Studies have yielded conflicting results regarding benefits for both homogeneous or heterogeneous group composition on the development of positive group climate, cohesion, and performance outcomes. Research is limited regarding the impact of gender composition in counseling groups. This study examined the impact of diverse gender group composition, and the experience of being a minority or majority group member in terms of gender (e.g., men as minority; women as majority group member) on group climate, cohesion, group member satisfaction, and performance outcomes. The participants (n = 234; 31 groups) in this study were graduate students in either a masters degree program in Counseling or a Ph.D. program in Counseling Psychology at a northeastern university. The measures used in this study were The Group Questionnaire, the Inventory of Interpersonal Problems-Circumplex-Item Response Theory, and Satisfaction with Group. Multiple ANOVAs, and MANOVAs were conducted with follow-up tests conducted when main effects or interaction effects were significant. Study results indicated a main effect for gender, with males as group minority in this study reporting lower ratings of group climate and outcome than women consistently over time. The effect of time was significant so that members of all groups, homogeneous and heterogeneous, reported less interpersonal distress over time. Discussion of findings, study limitations, implications for counseling practice, and recommendations for future research are included in this study.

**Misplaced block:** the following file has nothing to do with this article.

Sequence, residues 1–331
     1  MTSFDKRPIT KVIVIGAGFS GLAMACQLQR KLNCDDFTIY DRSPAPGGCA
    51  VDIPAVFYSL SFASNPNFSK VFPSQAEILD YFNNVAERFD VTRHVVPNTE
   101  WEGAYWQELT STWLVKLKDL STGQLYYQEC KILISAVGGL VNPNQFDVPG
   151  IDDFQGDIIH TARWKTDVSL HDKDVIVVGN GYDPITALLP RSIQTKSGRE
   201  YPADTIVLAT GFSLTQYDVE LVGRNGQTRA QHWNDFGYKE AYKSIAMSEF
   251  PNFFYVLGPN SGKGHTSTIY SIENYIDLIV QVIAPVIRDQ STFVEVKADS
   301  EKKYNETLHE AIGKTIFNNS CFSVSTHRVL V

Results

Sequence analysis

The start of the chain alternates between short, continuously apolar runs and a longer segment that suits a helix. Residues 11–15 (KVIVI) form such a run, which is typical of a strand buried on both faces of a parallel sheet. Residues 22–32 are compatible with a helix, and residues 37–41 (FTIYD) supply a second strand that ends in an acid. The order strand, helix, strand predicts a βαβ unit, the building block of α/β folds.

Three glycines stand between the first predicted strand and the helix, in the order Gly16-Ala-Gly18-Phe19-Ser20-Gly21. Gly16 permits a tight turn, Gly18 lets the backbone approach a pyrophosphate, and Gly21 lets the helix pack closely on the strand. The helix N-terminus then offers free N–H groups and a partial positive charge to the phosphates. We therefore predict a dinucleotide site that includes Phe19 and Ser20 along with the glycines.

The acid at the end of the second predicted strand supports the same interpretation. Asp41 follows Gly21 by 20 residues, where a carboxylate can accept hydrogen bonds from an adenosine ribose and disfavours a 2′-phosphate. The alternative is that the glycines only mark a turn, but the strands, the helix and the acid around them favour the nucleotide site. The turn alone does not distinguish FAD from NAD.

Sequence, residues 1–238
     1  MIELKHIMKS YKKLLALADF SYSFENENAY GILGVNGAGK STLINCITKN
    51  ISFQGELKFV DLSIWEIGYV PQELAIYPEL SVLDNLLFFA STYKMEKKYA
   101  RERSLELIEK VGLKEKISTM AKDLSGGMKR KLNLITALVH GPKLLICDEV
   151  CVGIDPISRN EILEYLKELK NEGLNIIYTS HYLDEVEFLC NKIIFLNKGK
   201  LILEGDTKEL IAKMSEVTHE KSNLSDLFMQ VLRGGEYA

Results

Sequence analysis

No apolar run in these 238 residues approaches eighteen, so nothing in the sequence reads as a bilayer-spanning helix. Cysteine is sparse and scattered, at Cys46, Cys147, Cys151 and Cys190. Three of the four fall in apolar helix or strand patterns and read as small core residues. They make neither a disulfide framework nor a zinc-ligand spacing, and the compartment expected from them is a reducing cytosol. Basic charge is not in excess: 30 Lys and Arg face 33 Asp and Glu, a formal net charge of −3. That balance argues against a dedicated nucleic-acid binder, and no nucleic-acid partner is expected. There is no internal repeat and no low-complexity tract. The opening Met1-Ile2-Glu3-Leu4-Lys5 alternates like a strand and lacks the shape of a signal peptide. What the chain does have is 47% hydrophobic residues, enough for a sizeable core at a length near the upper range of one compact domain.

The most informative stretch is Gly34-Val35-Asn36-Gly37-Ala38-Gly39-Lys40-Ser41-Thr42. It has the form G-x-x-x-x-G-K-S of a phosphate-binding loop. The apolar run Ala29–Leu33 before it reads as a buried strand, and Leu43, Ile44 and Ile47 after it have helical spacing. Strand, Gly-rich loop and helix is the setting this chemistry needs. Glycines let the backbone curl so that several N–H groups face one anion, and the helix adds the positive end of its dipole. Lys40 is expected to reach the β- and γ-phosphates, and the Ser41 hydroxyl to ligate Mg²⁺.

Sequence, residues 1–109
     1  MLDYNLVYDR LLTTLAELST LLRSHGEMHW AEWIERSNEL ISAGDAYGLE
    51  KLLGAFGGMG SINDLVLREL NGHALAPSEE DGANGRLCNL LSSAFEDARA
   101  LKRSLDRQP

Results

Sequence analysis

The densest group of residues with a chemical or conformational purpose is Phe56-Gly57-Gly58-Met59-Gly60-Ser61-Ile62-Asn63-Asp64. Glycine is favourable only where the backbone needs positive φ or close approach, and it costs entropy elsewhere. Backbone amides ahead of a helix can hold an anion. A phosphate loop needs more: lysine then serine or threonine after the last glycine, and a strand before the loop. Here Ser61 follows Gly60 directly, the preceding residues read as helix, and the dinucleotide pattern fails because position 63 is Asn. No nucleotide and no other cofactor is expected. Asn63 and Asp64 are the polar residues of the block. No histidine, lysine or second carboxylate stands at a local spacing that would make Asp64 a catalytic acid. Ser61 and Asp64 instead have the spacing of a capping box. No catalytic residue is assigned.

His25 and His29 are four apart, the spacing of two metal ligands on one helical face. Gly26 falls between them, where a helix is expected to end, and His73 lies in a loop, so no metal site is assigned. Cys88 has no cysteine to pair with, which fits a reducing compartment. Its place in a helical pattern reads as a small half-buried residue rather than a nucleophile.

|Commitee:||Guyker, Wendy, Sodano, Sandro|
|School:||State University of New York at Buffalo|
|Department:||Counseling, School and Educational Psychology|
|School Location:||United States -- New York|
|Source:||DAI-A 81/8(E), Dissertation Abstracts International|
|Subjects:||Psychology, School counseling, Counseling Psychology|
|Keywords:||Gender composition, Group climate, Group composition, Group satisfaction|
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